5. Riverside Park

Address: 753 Park Street Year Established: 1869 Total Park Acreage in 1930: 14 Acres

Riverside Park in 1900. (State Archives of Florida)

Riverside Park is the second oldest park in the city. Boston’s John Murray Forbes and Florida Times-Union editor Edward M. Cheney reserved space for the park in their 1869 plat of Riverside. The developers acquired the land for ten thousand in gold in 1868. The park was connected to downtown by mule drawn streetcar in 1886. During the 1890s, landscaping, stone bridges, carriage lane and walking paths were added. By 1907, it was known as one of the prettiest parks in the south. Other improvements over the years included the construction of a tennis court, a band stand, and a Camilla garden.

4. Brentwood Park

Address: 551 W. 25th Street Year Established: 1929 Total Park Acreage in 1930: 20 Acres

Brentwood Park is a large public park that is located just north of Springfield, in the neighborhood of Brentwood. Also, known as Catherine Hester McNair Park, the public space was establised on twenty acres, stretching between West 21st Street and West 28th Street. Today, the park features baseball and softball fields, basketball courts, tennis courts, shuffleboard and a playground. It is best known for its bandstand. Designed by Jacksonville architect Roy A. Benjamin in 1932, the Parthenon-like structure is an extremely rare example of Neoclassical Greek revival architecture in Jacksonville.

3. Hollybrook Park

Address: 319 Cherokee Street Year Established: 1922 Total Park Acreage in 1930: 21 Acres

Serving as the boundary between the neighborhoods of Lackawanna and North Riverside, Hollybrook Park is a large public space in West Jacksonville. The site was dedicated as a public park in 1922 by the developers of the adjacent Hollybrook subdivision plat. Expanded to 21 acres by 1926, the park winds in a north-south direction, following Westbrook and McCoys Creeks. Hollybrook Park is one of several historic public spaces within the city’s urban core that will be upgraded as a part of Groundwork Jacksonville’s Emerald Trail project.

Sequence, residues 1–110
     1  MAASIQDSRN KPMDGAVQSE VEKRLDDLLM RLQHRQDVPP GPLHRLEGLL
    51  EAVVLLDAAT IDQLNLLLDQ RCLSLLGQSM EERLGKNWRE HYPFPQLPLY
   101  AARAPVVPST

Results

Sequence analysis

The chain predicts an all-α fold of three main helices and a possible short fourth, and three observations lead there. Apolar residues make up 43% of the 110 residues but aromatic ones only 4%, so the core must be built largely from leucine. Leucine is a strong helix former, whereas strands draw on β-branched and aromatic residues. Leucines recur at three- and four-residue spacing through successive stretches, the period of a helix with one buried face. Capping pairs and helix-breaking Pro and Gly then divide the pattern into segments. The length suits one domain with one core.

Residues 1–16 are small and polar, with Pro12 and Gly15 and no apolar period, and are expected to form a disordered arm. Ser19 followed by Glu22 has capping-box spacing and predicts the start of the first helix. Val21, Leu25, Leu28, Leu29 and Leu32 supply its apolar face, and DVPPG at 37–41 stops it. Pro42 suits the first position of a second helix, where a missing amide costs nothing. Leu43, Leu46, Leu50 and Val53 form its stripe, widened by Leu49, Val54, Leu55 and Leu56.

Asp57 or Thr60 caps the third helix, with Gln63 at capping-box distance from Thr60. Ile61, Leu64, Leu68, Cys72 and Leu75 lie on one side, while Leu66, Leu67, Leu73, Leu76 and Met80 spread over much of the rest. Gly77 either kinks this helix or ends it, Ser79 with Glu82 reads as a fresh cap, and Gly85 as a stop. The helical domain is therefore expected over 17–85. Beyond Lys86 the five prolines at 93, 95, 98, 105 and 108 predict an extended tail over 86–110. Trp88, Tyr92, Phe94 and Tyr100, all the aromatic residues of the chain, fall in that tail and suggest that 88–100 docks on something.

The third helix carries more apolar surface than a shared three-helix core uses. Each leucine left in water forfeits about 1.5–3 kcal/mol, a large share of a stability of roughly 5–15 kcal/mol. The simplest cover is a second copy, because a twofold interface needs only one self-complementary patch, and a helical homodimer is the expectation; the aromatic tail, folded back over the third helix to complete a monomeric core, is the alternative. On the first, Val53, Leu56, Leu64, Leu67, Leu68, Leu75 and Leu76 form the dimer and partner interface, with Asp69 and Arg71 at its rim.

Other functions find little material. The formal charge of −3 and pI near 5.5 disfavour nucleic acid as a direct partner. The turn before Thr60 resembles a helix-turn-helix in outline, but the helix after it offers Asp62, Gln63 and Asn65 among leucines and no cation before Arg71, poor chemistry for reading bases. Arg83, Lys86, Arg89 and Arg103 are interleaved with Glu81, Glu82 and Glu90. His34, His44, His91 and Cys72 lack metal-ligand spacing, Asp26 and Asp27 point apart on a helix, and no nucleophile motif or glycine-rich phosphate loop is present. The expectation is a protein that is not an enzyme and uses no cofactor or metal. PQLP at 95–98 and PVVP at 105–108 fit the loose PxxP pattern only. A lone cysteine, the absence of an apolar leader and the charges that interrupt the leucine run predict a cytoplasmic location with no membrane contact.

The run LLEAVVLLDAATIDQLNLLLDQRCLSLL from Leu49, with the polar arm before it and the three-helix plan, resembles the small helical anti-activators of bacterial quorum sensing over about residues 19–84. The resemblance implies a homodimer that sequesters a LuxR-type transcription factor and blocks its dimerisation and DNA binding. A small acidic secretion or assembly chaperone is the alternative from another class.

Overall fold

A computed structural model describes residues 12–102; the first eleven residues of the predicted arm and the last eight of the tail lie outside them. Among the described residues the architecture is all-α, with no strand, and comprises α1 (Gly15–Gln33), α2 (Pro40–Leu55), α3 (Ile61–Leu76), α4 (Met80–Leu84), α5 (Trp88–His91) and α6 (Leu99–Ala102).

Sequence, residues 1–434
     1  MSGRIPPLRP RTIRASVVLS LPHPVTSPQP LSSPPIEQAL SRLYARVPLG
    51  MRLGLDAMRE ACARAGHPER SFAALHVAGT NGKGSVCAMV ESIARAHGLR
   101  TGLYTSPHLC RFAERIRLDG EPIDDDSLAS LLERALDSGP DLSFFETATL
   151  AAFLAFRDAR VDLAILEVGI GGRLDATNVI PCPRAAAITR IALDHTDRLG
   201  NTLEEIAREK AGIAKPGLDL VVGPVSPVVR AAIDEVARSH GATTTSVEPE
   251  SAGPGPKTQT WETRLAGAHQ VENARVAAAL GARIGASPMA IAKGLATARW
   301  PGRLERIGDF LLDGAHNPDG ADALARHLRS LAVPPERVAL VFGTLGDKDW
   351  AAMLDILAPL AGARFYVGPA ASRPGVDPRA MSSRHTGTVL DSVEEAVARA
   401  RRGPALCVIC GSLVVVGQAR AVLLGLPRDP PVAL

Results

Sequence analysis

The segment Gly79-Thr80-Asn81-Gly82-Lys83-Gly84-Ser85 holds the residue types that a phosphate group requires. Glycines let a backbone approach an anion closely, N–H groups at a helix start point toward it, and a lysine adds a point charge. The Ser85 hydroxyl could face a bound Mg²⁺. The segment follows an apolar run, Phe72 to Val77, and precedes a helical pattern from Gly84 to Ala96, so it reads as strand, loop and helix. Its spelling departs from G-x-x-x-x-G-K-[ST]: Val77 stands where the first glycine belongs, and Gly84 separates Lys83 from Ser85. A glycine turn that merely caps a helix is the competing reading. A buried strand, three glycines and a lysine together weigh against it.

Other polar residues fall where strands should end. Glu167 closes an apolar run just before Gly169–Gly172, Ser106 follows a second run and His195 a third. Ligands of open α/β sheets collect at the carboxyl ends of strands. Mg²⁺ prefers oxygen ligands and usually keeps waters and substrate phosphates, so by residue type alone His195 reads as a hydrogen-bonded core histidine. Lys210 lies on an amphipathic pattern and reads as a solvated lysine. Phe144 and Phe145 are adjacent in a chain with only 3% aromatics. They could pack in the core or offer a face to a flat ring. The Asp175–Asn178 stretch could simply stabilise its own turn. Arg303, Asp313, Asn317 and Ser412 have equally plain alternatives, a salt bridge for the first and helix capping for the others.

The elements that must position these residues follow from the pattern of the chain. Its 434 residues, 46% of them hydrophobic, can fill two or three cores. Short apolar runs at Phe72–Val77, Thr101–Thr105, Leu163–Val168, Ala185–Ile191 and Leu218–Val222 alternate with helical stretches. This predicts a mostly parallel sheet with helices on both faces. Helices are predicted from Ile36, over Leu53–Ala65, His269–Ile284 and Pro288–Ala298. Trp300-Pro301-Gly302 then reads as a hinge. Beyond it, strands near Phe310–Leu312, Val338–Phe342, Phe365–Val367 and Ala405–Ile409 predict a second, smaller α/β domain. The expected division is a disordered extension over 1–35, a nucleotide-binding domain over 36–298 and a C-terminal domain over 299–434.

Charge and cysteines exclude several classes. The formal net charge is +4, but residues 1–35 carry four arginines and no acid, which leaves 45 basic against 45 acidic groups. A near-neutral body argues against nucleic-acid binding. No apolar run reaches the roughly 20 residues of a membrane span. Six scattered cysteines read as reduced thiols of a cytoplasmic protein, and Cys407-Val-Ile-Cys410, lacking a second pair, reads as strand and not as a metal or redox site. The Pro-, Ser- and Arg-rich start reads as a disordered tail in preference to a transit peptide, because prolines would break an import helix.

2. Boone Park

Address: 3700 Park Street Year Established: 1926 Total Park Acreage in 1930: 29 Acres

Located near the Shoppes of Avondale, Boone Park is a large park named after William Elijah Boone. Boone was an industrialist that bought and then rebuilt locomotives, leasing them to local industries in North Florida and South Georgia. In 1926, the city acquired most of the park property from Boone and four other owners. After the addition of tennis courts in 1946 and a clubhouse in 1950, the park hosted major public tennis tournaments for decades. Today, Boone Park remains a popular urban core destination and is well known for its wooded scenery, tennis courts, playscapes and trails.

1. Springfield Park

Address: 204 West Third Street Year Established: 1899 Total Park Acreage in 1930: 43 Acres

Springfield Park shortly after the completion of the Hogans Creek Improvement Project. Courtesy of the State Archives of Florida.

Famed landscape architect Frederick Law Olmsted said every city should have a large park for ‘unbending of the faculties.’ Notable urban parks across the country offering respite from the hustle and bustle of the city include New York’s 843-acre Central Park, Savannah’s 30-acre Forsythe Park, and Boston’s 40-acre Common. In Jacksonville, Springfield Park has historically served as the urban core’s most revered large scale recreational grounds.

Dating back to 1898, Springfield Park was created and developed on low lying land and marsh donated by the Springfield Company. Straddling Hogans Creek between Downtown and Springfield, the flood prone park contained the Great Fire of 1901 from spreading north. In addition, in 1914 it became the original home of the city’s first zoo. In an attempt to beautiful and landscape and control its tendency to flood, the park was significantly altered with the completion of the Hogans Creek Improvement Project in 1929.

Today, urban Jacksonville’s grand recreational grounds are recognized as a series of connecting parks including Springfield, H.J. Klutho, W.W. Schell and McPherson Park. It is also a major focus of plans to enhance existing green spaces as a part of the Emerald Trail system and and restoration of Hogans Creek.

Editorial by Ennis Davis, AICP. Contact Ennis at edavis@moderncities.com